Ford says 2013 was “one of the company’s best years ever”, driven by a strong performance in the US and Asia.
The US car firm said net income for 2013 was $7.2bn (£4.3bn), up $1.49bn on the previous year. Fourth quarter net income was $3bn, or 74 cents per share, an increase of $1.4bn compared with the same period in 2012, the company said.
The strong performance helped offset losses in Europe and South America. Ford president and chief executive Alan Mulally said 2013 was “an outstanding year”. “We are well positioned for another solid year in 2014,” he added.
The results follow Ford’s warning in December that the cost of introducing new vehicles and a deteriorating Venezuelan economy would hit its profits in 2014. Ford released a new version of its best-selling F-150 pick up truck in Detroit this year. Ford plans to triple the number of product launches in North America this year.
But that will hit its profit margins, the company said, as older models will have to be discounted and Ford will have to spend more on marketing.
“There weren’t many surprises – North America was solid but worse than a year ago, and that foreshadows the transition that the company’s going through in the North American operations as they change over to the F-150 [truck] and other models,” Guggenheim car analyst Matthew Stover told the BBC.
“In a lot of ways next year is a hunker down and set the base for the company in 2015,” added Mr Stover. Ford produced 6.4 million vehicles in 2013, up 646,000 from a year ago.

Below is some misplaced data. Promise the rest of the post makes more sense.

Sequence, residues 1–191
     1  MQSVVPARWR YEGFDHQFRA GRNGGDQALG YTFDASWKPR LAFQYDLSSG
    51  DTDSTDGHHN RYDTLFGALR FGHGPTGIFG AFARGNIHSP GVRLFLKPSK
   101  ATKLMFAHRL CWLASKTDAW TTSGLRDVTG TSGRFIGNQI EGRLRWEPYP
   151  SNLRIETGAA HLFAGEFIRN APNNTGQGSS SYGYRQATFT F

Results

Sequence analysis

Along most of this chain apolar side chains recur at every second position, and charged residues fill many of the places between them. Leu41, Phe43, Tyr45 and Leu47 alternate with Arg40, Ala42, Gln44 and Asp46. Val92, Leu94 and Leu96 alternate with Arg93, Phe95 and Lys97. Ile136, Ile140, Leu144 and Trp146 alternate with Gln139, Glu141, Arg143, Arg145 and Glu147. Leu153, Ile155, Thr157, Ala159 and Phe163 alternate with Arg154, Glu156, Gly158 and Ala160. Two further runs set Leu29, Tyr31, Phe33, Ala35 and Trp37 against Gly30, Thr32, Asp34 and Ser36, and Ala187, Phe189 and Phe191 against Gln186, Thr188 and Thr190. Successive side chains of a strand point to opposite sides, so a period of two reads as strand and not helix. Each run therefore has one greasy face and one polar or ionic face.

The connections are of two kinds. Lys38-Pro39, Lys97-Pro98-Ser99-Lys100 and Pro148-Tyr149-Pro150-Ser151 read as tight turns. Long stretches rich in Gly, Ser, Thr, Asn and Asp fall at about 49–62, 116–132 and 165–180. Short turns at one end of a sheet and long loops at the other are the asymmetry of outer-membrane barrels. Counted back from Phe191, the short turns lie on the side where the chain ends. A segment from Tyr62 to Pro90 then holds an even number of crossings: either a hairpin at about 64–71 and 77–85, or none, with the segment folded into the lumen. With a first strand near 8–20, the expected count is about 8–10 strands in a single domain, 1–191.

As a result of its 2013 performance, Ford said it planned to make record profit-sharing payments of about $8,800 per person to around 47,000 of its hourly employees in the US.
Ford has been open in acknowledging that 2014 will be a transition year for the firm, both in terms of products and changes in leadership.
Mr Mulally is scheduled to step down at the end of the year.
He is credited both with leading the firm back to profitability after the 2008-2009 financial crisis, as well as with changing the corporate culture at Ford.
“Historically, it was a siloed business where there were a lot of fiefdoms and people argued… and Alan in a lot of ways broke that down,” said Mr Stover.
The firm faces difficulty in the future returning its European operations to profitability, as well as maintaining its streamlined supply chain to avoid the oversupply issues that plagued Ford and other US car makers during the financial crisis.
Ford shares were mostly unchanged. Overall, shares in the firm are up 14% for the year. Source: BBC